Easy GMCP with Vadim Peretokin

  Table of Contents

Written by Vadim Peretokin

Welcome to the wonderful, invisible world of GMCP that’ll make your life a lot easier! GMCP is a data channel that’s implemented in IRE and other MUDs that provides you with easier access to many types of new info - like your vitals stats, detailed geographical data as to where you are, what items you have, and what skills you’ve got!

So let’s get started with it, then. This will be a thorough, newbie-friendly tutorial filled with pictures you can spy at - and we’ll be using the latest version of the freely-available MUD client, on Windows, Mac and Linux OS, called Mudlet (get it here), which supports GMCP. Once you’ve got it, make sure that you’ve got GMCP enabled (Settings → General), and you’re all set to start learning!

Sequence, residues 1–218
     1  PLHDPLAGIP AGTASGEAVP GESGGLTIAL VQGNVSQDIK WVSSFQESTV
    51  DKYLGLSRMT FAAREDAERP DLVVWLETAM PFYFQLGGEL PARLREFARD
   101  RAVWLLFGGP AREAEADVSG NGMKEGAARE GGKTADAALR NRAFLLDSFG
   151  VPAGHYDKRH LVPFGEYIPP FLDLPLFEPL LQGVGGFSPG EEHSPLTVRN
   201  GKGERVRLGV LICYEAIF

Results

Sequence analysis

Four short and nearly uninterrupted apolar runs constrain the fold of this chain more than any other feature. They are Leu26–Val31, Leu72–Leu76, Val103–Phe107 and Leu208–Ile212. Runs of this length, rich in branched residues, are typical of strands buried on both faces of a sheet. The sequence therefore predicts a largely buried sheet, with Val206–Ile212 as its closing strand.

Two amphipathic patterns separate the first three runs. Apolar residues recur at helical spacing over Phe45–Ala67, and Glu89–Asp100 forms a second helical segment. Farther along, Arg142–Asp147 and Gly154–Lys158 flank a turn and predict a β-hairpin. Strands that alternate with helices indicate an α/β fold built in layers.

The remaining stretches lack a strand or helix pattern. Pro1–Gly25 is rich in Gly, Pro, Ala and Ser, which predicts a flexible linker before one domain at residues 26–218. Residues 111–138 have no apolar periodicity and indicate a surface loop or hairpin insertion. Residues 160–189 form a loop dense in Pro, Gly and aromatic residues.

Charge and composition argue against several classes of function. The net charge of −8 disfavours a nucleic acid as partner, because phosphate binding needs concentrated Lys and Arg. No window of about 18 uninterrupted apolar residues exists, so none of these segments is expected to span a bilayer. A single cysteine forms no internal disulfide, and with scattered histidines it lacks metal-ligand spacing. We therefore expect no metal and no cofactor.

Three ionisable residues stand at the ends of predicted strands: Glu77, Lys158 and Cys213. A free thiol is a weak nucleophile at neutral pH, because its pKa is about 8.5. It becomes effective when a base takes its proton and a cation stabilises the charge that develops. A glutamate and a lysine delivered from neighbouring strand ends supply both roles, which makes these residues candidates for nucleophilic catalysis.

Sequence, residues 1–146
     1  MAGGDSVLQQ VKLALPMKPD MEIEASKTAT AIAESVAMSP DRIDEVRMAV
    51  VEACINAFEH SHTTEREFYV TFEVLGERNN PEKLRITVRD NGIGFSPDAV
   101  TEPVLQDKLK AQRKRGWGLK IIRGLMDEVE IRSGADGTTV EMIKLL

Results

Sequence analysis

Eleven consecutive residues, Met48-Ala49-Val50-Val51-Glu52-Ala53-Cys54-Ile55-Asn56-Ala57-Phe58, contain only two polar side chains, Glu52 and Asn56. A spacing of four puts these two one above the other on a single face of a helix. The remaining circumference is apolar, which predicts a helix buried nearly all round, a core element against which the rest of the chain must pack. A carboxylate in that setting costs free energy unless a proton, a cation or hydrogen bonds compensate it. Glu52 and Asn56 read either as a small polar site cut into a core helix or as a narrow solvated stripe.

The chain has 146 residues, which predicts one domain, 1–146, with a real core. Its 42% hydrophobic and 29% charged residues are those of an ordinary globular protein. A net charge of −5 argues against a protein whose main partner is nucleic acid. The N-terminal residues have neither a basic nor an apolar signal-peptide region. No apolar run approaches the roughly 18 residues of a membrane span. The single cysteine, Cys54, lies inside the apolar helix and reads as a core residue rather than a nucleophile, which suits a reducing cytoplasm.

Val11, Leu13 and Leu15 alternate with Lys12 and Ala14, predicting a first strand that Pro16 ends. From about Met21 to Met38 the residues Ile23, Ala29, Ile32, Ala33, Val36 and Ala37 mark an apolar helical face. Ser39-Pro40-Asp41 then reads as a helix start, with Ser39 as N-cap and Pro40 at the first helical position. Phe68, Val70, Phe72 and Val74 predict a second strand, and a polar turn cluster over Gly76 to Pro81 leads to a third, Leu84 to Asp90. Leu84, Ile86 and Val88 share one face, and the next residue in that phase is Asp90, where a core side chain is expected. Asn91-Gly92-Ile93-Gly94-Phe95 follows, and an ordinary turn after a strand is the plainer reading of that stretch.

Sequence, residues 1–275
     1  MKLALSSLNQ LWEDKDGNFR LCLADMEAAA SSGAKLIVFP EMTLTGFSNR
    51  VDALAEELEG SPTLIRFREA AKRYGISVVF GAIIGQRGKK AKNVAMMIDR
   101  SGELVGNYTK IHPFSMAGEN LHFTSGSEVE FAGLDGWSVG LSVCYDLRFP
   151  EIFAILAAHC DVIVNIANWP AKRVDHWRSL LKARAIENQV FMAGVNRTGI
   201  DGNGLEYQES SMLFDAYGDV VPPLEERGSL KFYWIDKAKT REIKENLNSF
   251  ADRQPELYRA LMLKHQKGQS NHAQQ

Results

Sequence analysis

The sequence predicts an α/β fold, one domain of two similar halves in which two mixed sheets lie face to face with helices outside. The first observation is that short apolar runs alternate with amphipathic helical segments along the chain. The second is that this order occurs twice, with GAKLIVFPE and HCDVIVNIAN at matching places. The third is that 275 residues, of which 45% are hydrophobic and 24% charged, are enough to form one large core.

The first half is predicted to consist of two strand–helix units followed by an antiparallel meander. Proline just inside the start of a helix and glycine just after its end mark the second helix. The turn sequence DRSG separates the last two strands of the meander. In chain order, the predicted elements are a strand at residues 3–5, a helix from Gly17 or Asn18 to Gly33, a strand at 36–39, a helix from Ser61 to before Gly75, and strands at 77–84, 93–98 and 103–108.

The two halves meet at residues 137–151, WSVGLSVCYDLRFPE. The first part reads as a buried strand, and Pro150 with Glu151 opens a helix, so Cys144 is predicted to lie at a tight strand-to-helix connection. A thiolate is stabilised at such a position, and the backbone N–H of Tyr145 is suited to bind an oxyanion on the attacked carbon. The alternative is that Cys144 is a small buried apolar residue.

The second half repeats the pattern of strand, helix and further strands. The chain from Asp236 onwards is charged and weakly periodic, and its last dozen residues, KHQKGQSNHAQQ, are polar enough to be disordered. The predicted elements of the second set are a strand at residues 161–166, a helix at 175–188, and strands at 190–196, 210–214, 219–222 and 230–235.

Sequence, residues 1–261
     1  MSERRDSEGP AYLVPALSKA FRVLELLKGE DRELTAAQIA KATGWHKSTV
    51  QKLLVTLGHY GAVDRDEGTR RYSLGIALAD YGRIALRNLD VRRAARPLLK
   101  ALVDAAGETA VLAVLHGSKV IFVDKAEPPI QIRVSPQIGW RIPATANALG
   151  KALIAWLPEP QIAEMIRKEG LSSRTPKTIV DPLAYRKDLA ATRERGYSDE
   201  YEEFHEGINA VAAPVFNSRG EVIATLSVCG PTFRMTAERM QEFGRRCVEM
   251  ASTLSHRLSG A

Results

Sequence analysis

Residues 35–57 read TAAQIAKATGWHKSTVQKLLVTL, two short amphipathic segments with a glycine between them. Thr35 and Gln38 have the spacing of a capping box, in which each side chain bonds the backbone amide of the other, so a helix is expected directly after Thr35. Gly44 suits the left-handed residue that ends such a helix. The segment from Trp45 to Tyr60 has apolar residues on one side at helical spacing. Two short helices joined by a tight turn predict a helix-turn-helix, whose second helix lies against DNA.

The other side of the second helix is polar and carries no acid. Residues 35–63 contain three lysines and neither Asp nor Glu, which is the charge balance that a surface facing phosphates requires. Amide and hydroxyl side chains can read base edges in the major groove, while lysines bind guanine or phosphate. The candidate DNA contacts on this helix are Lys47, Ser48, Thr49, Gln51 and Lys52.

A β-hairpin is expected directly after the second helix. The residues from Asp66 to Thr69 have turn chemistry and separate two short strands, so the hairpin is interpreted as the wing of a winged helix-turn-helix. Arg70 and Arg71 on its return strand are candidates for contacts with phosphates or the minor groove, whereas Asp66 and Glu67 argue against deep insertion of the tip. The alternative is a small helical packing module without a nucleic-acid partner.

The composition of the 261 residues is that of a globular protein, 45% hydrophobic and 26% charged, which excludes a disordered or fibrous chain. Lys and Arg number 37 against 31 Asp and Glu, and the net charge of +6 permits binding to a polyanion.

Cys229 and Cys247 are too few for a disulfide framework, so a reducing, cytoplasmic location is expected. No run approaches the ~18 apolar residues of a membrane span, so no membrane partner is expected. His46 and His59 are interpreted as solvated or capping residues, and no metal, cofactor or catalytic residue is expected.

Retrieving GMCP data

One of the most useful GMCP features across all IRE games is that with each prompt comes easily-accessible character vitals (like health, mana) data. This removes the need to make complicated regex patterns that work with all different kinds of prompts - this solution will take care of that! So let’s make a prompt trigger that will easily capture our vitals for us.

Start off by clicking on Triggers:


Then Add Item:



return isPrompt()

to the first field, and by setting the pattern type to Lua function


We’ve got ourselves a basic prompt trigger now - let’s add GMCP magic, and use it to capture our current and max health/mana amounts into variables myhealth and mymaxhealth. Add the code from the box below into the big white space in your new trigger:

myhealth, mymaxhealth = tonumber(gmcp.Char.Vitals.hp), tonumber(gmcp.Char.Vitals.maxhp)

echo(string.format("[%d/%dh]", myhealth, mymaxhealth))

Should everything be setup alright, our echo will be doing this on every prompt, verifying that our data capture is working:


  How awesome is that? Now you’d probably wonder - how did I know that gmcp.Char.Vitals.hp corresponds to your current health, and gmcp.Char.Vitals.maxhp to your max health? The trick is simple, and you’ll see it when you ‘unshroud’ GMCP - by clicking the ‘Debug’ button bottom-left:



Part 2: Discovering GMCP's Data